In Coburn v. Ames, 52 Cal. 385,[2] it is held (and has been held in other cases) that the littoral proprietor could not maintain ejectment against one who erected a wharf on tide-lands for the reason that the title is in the state and not in the littoral proprietor, but it was said in the opinion in speaking of the riparian proprietor’s right: “On the contrary, giving to this right of the riparian owner its widest scope and latitude, it amounts only to this: that if he desires to wharf out and is unlawfully obstructed in the exercise of the right, he may maintain an action for damages; and if the obstruction amounts to a public nuisance it may be abated by appropriate proceedings for that purpose. If it be only a private nuisance which obstructs him in the exercise of his right to wharf

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out, he may possibly cause it to be abated by the appropriate method.”

In Shirley v. Bishop, 67 Cal. 543, it was held that the owner of land the boundary of which forms a part of the waterfront has a vested right of free access to the navigable water, and may enjoin the erection of a wharf materially obstructing such access, as a nuisance. The court said: “The wharf if built by defendants as contemplated would deprive the plaintiffs of their ingress and egress to and from their lots and the navigable waters of the state.”

After many conflicting decisions in England it has been established by recent judgments of the House of Lords that the owner of land fronting on a navigable river in which the tide ebbs and flows has a right of access from his land to the river, and may recover compensation for cutting off that access by the construction of public works authorized by act of parliament (Buccleuch v. Metropolitan Board of Works, L.R., 5 H.L. Cas. 418 Lyon v. Fishmongers Co., L.R., 1 App. Cas. 662; North Shore Ry. Co. v. Pion, L.R. 14 App. Cas. 612, 620.)

The argument is made that even if the construction complained of is a nuisance it is a public nuisance, and that plaintiff does not suffer special damage different in kind from that suffered by the public. An obstruction to navigation in so far as it would prevent the plaintiff from the right to the free use of the public waters just as it would prevent every one else would in one sense be an injury suffered alike by all the public. But the plaintiff has the right to free access from his land to the ocean. The obstruction of this right is a damage different in kind from that suffered by the general public, and in such case a private person may maintain his action. (Civ. Code, sec. 3493 Blanc v. Klumpke, 29 Cal. 159; Gould on Waters, sec. 123.) In the section cited Mr. Gould says: “Whenever the obstruction immediately adjoins or is upon or against the front of plaintiff’s premises, it is to him a private nuisance for which an action will lie, or which may be restrained by injunction.”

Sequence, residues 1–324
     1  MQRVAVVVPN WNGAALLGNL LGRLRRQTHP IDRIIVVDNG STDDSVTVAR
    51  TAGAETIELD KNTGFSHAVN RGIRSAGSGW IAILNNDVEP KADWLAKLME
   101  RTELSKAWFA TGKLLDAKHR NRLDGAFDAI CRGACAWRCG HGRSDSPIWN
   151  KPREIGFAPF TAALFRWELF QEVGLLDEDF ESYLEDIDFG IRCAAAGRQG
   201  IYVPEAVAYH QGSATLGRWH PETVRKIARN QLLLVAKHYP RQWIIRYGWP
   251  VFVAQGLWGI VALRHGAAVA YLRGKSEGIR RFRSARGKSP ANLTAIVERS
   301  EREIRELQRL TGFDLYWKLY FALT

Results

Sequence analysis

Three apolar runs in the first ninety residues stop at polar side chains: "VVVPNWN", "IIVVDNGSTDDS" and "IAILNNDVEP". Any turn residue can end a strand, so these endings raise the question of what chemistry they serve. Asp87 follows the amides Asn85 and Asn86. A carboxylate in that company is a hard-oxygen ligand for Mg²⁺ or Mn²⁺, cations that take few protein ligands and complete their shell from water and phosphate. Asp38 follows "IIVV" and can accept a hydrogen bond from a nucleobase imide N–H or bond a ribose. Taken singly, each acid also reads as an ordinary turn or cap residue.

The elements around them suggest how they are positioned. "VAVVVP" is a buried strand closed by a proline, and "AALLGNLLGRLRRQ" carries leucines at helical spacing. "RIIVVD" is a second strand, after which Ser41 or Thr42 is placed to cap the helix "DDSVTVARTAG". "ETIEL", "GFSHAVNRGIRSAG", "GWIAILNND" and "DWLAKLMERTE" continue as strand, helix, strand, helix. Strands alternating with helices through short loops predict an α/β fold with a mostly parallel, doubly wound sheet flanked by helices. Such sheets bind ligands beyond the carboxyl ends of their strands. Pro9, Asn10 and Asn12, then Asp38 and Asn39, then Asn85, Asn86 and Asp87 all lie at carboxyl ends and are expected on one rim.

Our attention is called to the fact that defendants obtained permission from the secretary of war to erect the obstructions. The letter of the secretary of war is as follows: —

“I beg to inform you that there is no objection on the part

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of the war department to your dredging and boring wells for the purpose of developing petroleum in the Pacific Ocean below low-water mark, provided your operations are conducted in such manner as not to produce shoals on the water-front or otherwise interfere with navigation. If formal permits to erect wharves and trestles is desired, it will be necessary for you to furnish drawings showing plan and location of such structure.”

This at most was only a statement that so far as the war department was concerned it would make no objection if navigation was not interfered with. It referred to the bed of the ocean below low-water mark. The secretary of war cannot grant rights to lands owned by the state, nor can he deprive plaintiff of his property and rights by authorizing a stranger to take them. He has no jurisdiction of such matters.

The complaint states a cause of action and the judgment is the legal conclusion from the facts found.

It is advised that the judgment and order be affirmed.

Chipman, C., and Harrison, C., concurred.

For the reasons given in the foregoing opinion the judgment and order are affirmed.

McFarland, J., Lorigan, J., Henshaw, J.

[1] 28 Am. St. Rep. 600.
[2] 28 Am. Rep. 634.